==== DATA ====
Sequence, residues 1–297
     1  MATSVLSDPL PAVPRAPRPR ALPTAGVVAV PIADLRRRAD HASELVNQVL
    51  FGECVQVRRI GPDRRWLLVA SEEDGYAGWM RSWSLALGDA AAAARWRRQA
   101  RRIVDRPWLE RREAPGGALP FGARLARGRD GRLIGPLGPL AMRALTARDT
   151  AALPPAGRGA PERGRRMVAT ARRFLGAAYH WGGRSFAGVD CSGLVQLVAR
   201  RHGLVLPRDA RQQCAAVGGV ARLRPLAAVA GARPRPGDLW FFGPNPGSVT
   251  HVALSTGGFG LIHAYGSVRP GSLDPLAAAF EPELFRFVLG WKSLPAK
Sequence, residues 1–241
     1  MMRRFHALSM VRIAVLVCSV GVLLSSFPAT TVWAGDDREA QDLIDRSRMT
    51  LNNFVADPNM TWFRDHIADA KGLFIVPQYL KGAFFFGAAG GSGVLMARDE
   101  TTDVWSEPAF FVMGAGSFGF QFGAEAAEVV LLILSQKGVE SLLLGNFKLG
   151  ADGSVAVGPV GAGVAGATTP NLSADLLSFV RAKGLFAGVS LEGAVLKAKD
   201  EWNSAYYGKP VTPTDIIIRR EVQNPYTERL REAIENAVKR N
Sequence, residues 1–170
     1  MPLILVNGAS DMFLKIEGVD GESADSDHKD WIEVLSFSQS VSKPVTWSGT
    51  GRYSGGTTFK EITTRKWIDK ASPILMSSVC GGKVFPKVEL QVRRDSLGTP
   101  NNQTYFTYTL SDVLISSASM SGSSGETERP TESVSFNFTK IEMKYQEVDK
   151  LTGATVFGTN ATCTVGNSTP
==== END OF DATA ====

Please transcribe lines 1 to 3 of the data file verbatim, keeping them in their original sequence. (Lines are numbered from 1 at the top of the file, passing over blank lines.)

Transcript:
Sequence, residues 1–297
     1  MATSVLSDPL PAVPRAPRPR ALPTAGVVAV PIADLRRRAD HASELVNQVL
    51  FGECVQVRRI GPDRRWLLVA SEEDGYAGWM RSWSLALGDA AAAARWRRQA